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J Bacteriol. Nov 2006; 188(22): 7988–7991.
Published online Sep 15, 2006. doi:  10.1128/JB.00791-06
PMCID: PMC1636311

Transcription Modulation of Salmonella enterica Serovar Typhimurium Promoters by Sub-MIC Levels of Rifampin[down-pointing small open triangle]


Promoter-lux fusions that showed rifampin-modulated transcription were identified from a Salmonella enterica serovar Typhimurium 14028 reporter library. The transformation of a subset of fusions into mutants that lacked one of six global regulatory proteins or were rifampin resistant showed that transcription modulation was independent of the global regulators, promoter specific, and dependent on the interaction of rifampin with RNA polymerase.

Antibiotics have been shown to alter global bacterial transcription patterns at concentrations below those that completely inhibit the growth of the bacterial cell (sub-MIC) (10, 29). Among the genes affected by antibiotics are those related to modes of action and bacterial stress responses. It has been suggested that characteristic gene expression patterns may be used to identify unknown small molecule inhibitors (2, 28). There have also been studies demonstrating antibiotic-induced transcription modulation of genes for accessory functions such as motility and virulence (reviewed in references 2 and 29).

Using a library of 6,528 promoter-reporter clones, we previously demonstrated dramatic up- and down-regulation of the transcription induced by the antibiotic rifampin (a transcription inhibitor [3, 14]) and the macrolide class of antibiotics on a global scale in Salmonella enterica serovar Typhimurium 14028 (10, 28). In this communication, we further examine rifampin-responsive promoter-luxCDABE fusion clones from our initial screen (~5% of library clones [10]) to explore the effects of known global transcription regulators on rifampin-induced transcription modulation (RITM).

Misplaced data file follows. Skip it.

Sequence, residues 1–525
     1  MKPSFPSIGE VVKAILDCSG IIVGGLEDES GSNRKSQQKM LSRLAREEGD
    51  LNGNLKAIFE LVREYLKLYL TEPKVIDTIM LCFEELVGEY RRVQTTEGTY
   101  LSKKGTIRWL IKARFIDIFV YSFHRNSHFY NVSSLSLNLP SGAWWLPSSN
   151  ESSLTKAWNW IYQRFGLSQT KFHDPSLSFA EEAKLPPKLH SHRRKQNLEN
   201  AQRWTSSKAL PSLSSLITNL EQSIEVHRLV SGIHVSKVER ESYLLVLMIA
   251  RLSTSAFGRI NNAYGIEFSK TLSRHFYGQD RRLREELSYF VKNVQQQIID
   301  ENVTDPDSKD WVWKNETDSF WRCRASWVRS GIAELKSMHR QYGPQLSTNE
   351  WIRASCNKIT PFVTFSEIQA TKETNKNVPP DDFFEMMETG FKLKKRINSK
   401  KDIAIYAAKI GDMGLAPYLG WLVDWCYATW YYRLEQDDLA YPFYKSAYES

Fusions whose activity was modulated by rifampin in our initial screens (10) were screened continuously by inoculating cultures grown at 37°C in a white, opaque microtiter plate (Costar; Fisher Scientific, Ottawa, Ontario, Canada) sealed with a breathable sealing membrane (Nalge Nunc, Naperville, IL). Luminescence was followed during 12 to 16 h of growth in the presence or absence of rifampin by using a Victor II multilabel counter (PerkinElmer, Boston, MA). Clones were discarded if luminescence readings were below 1,000 cps in medium with and without rifampin. This resulted in the identification of a subset of 22 moderately to strongly affected promoters that displayed between 200-fold down-regulation and 24-fold up-regulation (Table (Table1).1). Figure Figure1A1A shows the patterns of luminescence produced from two promoters that were sensitive to rifampin and from an unaffected promoter. The strain carrying the vector alone produced very low levels of luminescence (~100 cps [data not shown]). Note that both stimulation and inhibition of the transcription by the inhibitor were found and that the timings of the maximum response differed between promoters. As a result, promoters were screened for a minimum of 12 h to identify the maximum response. The effect of rifampin was observed to be concentration dependent and generally maximal at 5 μg/ml rifampin (Fig. (Fig.1B1B).

FIG. 1.
(A) Luminescence profiles of promoter-lux reporters. Luminescence patterns for serovar Typhimurium 14028 reporters STM3595::luxCDABE ([open diamond]), invF::luxCDABE ([open triangle]), and STM2091::luxCDABE (□) in LB supplemented with kanamycin at 25 μg/ml ...
Characteristics of rifampin-responsive promoters in S. enterica serovar Typhimurium 14028